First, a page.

OMG, just listen to her. “Right-wing extremists!” She needs to remember who called the cessation of counting in the 2020 Presidential election? Not the conservatives – it was all in democrat controlled areas.
My message for @indivisibleteam, and everyone else:— Hillary Clinton (@HillaryClinton) October 25, 2022
We can’t save our democracy with action only on the big-time, big-name races.
We have to save democracy at the state level, too. Join us. https://t.co/3ohzw7jrRKpic.twitter.com/JJOmVAg2V7
Clinton appears worried about a SCOTUS decision in the case of Moore v. Harper, scheduled for release in the summer of 2023. (Actually, she refers to the court as right-wing, her favorite epithet for things she doesn’t like.) Moore v. Harper is a pending United States Supreme Court case related to the independent state legislature theory (ISL), arising from the redistricting of North Carolina’s districts following the 2020 Census.
SL theorizes that state legislatures alone are empowered by the Constitution to regulate federal elections without oversight from state courts.
The questions presented: “Whether a State’s judicial branch may nullify the regulations governing the “Manner of holding Elections for Senators and Representatives . . . prescribed . . . by the Legislature thereof,” U.S. CONST. art. I, § 4, cl. 1, and replace them with regulations of the state courts’ own devising, based on vague state constitutional provisions purportedly vesting the state judiciary with power to prescribe whatever rules it deems appropriate to ensure a “fair” or “free” election.”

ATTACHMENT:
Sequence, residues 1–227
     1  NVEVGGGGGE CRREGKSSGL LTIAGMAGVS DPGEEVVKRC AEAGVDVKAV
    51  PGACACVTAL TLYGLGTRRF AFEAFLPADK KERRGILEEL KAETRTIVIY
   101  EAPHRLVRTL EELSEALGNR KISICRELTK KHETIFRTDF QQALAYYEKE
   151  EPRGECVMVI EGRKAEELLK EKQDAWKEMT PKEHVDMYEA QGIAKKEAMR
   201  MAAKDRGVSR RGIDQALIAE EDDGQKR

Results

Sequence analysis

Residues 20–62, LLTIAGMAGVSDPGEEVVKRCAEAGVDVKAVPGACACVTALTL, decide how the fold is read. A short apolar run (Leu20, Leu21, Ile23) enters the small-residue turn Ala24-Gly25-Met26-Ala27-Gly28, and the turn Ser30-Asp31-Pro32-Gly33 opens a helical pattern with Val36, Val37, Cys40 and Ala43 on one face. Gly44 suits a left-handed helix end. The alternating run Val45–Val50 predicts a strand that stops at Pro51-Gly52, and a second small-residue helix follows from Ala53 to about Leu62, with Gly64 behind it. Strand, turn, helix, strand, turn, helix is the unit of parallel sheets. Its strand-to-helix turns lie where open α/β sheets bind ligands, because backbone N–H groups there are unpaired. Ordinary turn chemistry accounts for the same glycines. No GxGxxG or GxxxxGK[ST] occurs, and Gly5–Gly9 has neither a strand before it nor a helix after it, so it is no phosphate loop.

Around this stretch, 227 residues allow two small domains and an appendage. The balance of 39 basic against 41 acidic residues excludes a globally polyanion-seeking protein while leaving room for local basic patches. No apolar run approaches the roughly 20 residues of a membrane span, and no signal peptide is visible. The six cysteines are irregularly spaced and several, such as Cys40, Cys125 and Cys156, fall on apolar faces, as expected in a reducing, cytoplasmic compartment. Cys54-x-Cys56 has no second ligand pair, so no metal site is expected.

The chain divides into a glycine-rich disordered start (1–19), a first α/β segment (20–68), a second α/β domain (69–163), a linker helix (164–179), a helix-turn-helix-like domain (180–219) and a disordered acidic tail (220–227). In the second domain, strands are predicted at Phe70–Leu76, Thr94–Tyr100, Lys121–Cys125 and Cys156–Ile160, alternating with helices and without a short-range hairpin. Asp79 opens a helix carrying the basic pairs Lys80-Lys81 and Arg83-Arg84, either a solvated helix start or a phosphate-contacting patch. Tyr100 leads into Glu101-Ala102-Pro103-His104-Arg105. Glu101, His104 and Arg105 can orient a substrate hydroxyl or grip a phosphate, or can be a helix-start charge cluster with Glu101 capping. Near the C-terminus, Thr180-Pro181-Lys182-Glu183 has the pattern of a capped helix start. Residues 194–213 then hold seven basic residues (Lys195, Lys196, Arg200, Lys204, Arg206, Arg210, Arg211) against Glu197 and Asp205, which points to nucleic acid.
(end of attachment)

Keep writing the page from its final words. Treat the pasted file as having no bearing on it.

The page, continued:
State legislative leaders filed a petition on March 17 asking the U.S. Supreme Court to take the case. That paperwork arrived 10 days after the court had voted, 6-3, to reject an emergency petition. A successful emergency petition would have blocked the current court-ordered election map from being used for 2022 U.S. House contests.
On March 7, Justice Brett Kavanaugh indicated that he agreed with dissenting Justices Samuel Alito, Neil Gorsuch, and Clarence Thomas that the court should address the issue of state courts’ role in addressing state legislatures’ decisions about redistricting.
It takes “yes” votes from four of the nine justices for the U.S. Supreme Court to agree to hear a case.
The case will pursue a legal theory called “independent state legislature doctrine,” which suggests that, under the Constitution’s election clause, “only the legislature has the power to regulate federal elections, without interference from state courts.”
This argument is based on two clauses in the Constitution that assign to the legislature of each state the job of identifying the “Manner” of appointing presidential electors and the “Times, Places and Manner” of congressional elections. More here at Carolina Journal.